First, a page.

‘The Experiment’

Actors experiment with difficult roles


With some movies, there’s nowhere to go but down. “The Experiment” is one such experience, when, after the first few minutes of cozy hopefulness (a loving couple discussing a trip to India and how to finance it), darkness closes in, smothering the senses like a polyester blanket. Oxygen, please!

Actually, the distributors should hand out comfort goods and iron supplements at the door, because the movie sure as hell ain’t going to cut the viewer any slack. Based on a real-life Stanford University experiment conducted in 1971, and adapted into a film by Germany’s Oliver Hirschbiegel (“Das Experiment”) in 2001, “The Experiment” isn’t really a remake so much as a reinterpretation of what exactly happened in that sunny Californian laboratory 40 years ago. The director this time is Paul Schuering, of hit TV series “Prison Break” fame — and here he concocts a queasy blend of rage, sadism and the emotional toll of excessive role-playing.

The premise promises mayhem and delivers on the dot: A group of mature, law-abiding men are recruited (for a chunk of hard cash) to participate in an “experiment” in which they will inhabit a cell block and be divided into two camps — of wardens and prisoners. In the Stanford experiment, a team of psychology researchers assembled 24 undergraduates in almost the same circumstances, but the subsequent results got so out of hand that professors were forced to call everything off after just six days (the experiment was supposed to last between 10 days and two weeks).

The Experiment
Director Paul Schuering
Run Time 96 minutes
Language English

The 1970s was the era of behavioral psychology and, despite the aborted outcome of the experiment, it served to impress upon everyone involved the unpredicatable and uncontrollable reactions that surface from claustrophobia, peer pressure and the lust for power.

“The Experiment” pretty much traces the same path but, significantly, Scheuring sets up the participants not as a bunch of inexperienced undergrads, but adult men of some social standing, with commitments and responsibilities. Men you’d expect to be less docile, more thoughtful and better equipped to keep their cool.

That cool melts faster than a popsicle in the sun, as the tightly-wound story abruptly shifts gears from psychological observation to how-much-of-this- can-you-stand torture tactics. The 2001 German film focussed more on the science of keeping people incarcerated, and dividing the group into friends (prisoners) and enemies (wardens). Accordingly, the pace was slower, the shots were closer and the director invited the viewer on a journey of historical references, most notably of Hitler’s death camps and the escalation of atrocity under the pretense of discipline. “The Experiment” is less interested in solving a psychological puzzle than it is in dishing out the horror in heaped, choking bowlfuls, and if you witness the meal scenes of mock prisoners forced to down the food handed to them by the pretend wardens, you’ll discover how fear and repellence hit the gut seconds faster than the brain.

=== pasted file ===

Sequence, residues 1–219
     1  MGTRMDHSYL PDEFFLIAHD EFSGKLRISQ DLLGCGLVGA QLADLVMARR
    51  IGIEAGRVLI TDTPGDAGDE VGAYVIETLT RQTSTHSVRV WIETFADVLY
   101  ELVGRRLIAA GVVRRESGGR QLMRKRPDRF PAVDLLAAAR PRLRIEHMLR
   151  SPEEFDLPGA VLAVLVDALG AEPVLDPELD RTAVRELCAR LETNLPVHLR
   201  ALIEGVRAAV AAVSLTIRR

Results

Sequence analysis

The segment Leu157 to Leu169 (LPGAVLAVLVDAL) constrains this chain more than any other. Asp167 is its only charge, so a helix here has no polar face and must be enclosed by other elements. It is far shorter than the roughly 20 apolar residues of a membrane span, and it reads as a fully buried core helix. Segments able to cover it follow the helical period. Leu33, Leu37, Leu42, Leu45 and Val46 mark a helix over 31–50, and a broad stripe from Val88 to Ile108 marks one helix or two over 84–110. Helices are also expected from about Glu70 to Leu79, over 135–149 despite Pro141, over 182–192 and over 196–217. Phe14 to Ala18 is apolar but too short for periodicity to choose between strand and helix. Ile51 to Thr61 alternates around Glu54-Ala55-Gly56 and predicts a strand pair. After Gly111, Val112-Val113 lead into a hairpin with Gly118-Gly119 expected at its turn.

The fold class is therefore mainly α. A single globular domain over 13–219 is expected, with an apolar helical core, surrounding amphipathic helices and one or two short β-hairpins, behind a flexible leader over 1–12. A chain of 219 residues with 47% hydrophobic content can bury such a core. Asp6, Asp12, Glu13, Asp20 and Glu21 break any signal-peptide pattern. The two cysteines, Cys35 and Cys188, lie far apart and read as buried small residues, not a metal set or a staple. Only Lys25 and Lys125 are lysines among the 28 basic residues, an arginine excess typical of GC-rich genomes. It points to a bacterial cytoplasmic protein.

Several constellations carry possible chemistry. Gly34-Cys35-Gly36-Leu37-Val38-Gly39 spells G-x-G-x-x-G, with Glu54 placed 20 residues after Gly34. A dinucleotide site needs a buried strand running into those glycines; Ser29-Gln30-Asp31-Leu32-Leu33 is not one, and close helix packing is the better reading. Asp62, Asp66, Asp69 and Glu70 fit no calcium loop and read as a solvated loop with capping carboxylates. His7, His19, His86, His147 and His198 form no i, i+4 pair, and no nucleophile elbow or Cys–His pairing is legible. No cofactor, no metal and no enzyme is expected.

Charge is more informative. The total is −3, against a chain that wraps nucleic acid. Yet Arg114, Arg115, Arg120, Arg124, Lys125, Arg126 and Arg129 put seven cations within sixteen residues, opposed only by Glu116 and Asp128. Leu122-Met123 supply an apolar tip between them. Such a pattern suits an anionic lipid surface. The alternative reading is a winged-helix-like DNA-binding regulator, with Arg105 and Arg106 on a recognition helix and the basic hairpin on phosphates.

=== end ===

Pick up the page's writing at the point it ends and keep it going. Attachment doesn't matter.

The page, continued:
Some of the scenes are so rife with pointless gore that it appears Schuering simply relinquished the megaphone and let everyone on the set just go at each other. But on the other hand, the Stanford professors admitted that they had given up control and let the students free (not so metaphorically) to tear at each others’ jugulars. So perhaps the movie isn’t so far off the mark.

In the U.S., “The Experiment” went the straight-to-disc route, though it has the look and feel of a major Hollywood production. The Japan theater relase is mainly due to the box office success here of “Das Experiment” several years back, and according to an industry expert who declines to give his name, “the Japanese will always jump at the opportunity to see people bullied.”

He may have a point: The longer you watch the “The Experiment,” the more it begins to look like a hidden-camera documentary about bullying — and the visuals may recall a slew of fragmented footage from high-school locker rooms to Abu Ghraib. Enhancing the terrifying eeriness are the demonic and even frenzied leads by Academy Award- winners Adrien Brody and Forest Whitaker. No doubt the extreme difficulty of the roles was the prime reason these seasoned artisans signed up in the first place, but in the end, their very effectiveness becomes a foil for the story. Deprived of the altruistic excuses of academia and science, Whitaker and Brody’s characters are dragged under the lamp as bloodthirsty powermongers whose objectives switch from survival to inflicting pain, as much and as often as possible. And what makes it doubly worse is that they did it for money.